Buy online, pick up in store orders should be sent to the closest location with a pick ticket and packaging so it can be assembled and wait at the correct location.

You can allocate orders within Shopify or on the WMS side of it to see where the order is expected to be fulfilled.

When you optimize your fulfillment effort across retail and online, you’ll likely run into scenarios where the product is available in only one channel or location, or one location has part but not all of the order in stock.

These issues extend to fulfillment as well: For example, “buy online, pick up in store” may be offered for a product at a certain location, but not others. This requires strategic order routing to prevent bottlenecks and ensure prompt delivery to customers. Routing orders according to location avoids incorrect deliveries and negative reviews from buyers — both of which incur heavy costs to your business.

Some ways we’ve seen orders routed include:

  • Scenario 1
    • Online order + shipping = fulfillment center order routing
  • Scenario 2
    • Online order + shipping and missing a product at the fulfillment location
      • For large items 16 and over inches, hold until the rest of the inventory is in stock
      • For small items, two shipments
      • Cross-dock from another fulfillment center overnight
  • Scenario 3
    • BOPIS order missing product at the fulfillment location
      • If the second location (FC) with a missing product is not within the set radius, it’s not allowed on the storefront
  • Scenario 4
    • Online order for five units, with three available in one place and two in another
      • Under 16 inches, the order is split and fulfilled from two different locations, depleting the respective inventory amounts at each location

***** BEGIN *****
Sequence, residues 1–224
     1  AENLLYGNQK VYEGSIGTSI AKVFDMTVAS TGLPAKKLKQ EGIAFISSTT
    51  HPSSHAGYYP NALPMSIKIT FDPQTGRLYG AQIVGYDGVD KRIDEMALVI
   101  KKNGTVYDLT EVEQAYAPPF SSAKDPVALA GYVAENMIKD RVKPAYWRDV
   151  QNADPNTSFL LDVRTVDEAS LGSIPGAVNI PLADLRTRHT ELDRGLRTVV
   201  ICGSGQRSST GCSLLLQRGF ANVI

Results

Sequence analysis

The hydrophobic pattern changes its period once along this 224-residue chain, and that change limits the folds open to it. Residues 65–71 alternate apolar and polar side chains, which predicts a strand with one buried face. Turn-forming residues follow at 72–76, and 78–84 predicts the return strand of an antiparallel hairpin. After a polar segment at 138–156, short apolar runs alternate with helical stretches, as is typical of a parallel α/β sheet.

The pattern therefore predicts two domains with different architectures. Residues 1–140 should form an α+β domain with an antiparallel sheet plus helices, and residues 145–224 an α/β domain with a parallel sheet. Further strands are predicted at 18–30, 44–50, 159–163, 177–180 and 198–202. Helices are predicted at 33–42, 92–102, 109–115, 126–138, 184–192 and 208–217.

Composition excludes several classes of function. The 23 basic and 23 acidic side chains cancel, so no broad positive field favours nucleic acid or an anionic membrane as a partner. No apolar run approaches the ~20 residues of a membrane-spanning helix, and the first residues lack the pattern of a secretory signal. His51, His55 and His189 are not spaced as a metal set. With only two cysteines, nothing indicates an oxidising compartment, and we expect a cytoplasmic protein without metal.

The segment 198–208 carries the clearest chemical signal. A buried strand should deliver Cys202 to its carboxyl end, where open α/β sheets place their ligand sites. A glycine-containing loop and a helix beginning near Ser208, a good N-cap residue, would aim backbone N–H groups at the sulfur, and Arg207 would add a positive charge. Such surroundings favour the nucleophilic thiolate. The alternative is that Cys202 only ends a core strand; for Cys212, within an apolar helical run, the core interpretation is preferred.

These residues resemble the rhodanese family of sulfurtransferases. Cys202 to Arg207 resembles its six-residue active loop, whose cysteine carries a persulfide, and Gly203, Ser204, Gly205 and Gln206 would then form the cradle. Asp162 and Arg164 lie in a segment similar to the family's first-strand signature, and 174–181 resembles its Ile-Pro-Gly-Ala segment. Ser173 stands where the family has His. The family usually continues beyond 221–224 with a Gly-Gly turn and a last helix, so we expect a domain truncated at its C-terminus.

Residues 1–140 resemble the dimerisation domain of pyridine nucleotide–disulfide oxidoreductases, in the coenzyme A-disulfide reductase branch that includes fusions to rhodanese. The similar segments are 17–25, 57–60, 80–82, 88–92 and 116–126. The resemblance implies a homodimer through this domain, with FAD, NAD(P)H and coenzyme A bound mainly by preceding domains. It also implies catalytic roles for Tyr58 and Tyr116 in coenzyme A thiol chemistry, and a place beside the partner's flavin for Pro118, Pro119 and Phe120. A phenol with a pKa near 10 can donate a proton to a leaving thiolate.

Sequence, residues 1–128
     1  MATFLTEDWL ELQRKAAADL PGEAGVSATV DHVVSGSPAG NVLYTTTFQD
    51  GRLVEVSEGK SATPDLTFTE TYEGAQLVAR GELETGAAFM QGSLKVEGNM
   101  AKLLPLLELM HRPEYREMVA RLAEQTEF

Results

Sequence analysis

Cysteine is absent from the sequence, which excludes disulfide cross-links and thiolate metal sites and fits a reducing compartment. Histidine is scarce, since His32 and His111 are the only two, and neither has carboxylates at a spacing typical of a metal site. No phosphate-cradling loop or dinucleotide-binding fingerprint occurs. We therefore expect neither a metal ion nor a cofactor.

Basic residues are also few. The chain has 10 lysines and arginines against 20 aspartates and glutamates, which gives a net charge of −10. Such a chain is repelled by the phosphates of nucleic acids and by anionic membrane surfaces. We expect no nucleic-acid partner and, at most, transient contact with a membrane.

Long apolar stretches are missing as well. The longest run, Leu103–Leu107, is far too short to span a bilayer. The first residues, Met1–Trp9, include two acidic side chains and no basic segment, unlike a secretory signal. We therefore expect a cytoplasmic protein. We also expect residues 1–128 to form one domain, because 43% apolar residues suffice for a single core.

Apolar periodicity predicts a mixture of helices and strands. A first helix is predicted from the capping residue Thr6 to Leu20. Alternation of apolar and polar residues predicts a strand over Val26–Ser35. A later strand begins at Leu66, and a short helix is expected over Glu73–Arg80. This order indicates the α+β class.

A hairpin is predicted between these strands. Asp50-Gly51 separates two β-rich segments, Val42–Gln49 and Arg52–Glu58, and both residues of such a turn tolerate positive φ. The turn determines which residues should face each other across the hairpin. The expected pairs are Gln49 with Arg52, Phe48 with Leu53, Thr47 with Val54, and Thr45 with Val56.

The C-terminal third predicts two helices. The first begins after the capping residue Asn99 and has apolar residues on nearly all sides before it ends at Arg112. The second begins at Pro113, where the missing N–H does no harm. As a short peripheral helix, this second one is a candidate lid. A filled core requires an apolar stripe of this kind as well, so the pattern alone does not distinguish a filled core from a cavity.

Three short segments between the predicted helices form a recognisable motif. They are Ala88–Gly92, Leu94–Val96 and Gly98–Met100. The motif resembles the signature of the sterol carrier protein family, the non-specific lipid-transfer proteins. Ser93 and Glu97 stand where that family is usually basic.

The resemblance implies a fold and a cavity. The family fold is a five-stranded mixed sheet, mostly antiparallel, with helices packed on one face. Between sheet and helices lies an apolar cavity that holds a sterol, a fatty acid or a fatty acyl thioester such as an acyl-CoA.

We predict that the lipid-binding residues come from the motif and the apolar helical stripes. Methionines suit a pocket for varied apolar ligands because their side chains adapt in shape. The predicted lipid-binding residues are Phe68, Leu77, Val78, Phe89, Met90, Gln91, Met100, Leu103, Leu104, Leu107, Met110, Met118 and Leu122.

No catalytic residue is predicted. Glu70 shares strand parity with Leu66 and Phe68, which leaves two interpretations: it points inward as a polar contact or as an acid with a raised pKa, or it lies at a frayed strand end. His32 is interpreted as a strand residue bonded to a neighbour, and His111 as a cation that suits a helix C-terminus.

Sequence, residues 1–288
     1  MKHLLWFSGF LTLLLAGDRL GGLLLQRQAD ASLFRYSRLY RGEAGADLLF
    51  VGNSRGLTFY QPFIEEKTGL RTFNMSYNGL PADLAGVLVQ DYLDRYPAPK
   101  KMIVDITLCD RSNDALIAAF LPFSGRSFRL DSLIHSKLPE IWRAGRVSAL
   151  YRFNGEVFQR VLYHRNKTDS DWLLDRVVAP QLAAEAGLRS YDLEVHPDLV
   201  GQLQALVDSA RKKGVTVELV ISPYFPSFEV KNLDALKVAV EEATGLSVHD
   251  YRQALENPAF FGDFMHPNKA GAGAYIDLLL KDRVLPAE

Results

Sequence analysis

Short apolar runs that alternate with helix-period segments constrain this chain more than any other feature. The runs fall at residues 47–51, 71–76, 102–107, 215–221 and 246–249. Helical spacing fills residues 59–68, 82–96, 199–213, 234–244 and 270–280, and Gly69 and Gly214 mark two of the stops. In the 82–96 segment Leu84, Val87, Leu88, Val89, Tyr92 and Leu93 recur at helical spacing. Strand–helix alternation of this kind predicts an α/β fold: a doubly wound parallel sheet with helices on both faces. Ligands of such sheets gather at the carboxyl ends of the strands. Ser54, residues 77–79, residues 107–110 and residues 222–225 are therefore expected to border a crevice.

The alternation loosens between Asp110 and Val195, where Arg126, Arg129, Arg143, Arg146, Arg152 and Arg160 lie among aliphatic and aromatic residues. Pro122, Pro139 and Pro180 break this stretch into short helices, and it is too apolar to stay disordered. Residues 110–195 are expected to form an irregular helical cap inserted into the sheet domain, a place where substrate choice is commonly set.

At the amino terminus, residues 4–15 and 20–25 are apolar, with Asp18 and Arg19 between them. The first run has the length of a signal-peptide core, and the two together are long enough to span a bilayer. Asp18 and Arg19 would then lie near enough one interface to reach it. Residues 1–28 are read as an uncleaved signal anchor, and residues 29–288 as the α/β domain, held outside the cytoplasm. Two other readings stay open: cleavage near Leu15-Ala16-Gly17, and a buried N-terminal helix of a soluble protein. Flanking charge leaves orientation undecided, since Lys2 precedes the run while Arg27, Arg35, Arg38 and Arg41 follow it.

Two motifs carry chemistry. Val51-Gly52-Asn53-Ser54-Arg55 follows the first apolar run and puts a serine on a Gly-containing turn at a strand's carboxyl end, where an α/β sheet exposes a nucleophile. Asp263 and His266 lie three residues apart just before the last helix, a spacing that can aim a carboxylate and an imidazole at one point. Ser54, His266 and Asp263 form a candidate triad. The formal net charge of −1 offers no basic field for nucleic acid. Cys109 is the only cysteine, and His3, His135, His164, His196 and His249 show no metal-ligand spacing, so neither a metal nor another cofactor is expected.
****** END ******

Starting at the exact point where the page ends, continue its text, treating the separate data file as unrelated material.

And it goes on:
Wrapping up – Optimize your fulfillment efforts for retail and online sales

With the right strategy and some elbow grease, you can optimize your fulfillment efforts across retail and online sales channels. The methods we’ve discussed combined with helpful software and tooling will lessen the challenge.

The more you invest in learning how to operate and streamline these channels, the easier it will be to keep up with the industry standard, stay competitive, and increase profitability. Take the simple steps so you and your team can optimize the fulfillment process across different channels and fulfillment methods, leading to lower costs, satisfied customers, and overall more revenue.

SKUSavvy connects with your order channels and other software systems to keep track of each bin location, product barcode, and shipping setting, as well as to facilitate your pick-pack-ship process to maintain efficient pick routes, and order batching and routing, as well as replenishment. Start with your first 50 orders free, then pay just $0.10–$0.19 per order. Add unlimited employees, channels, warehouses, products, and customers with a faster time to implement than other systems and a lower cost of ownership.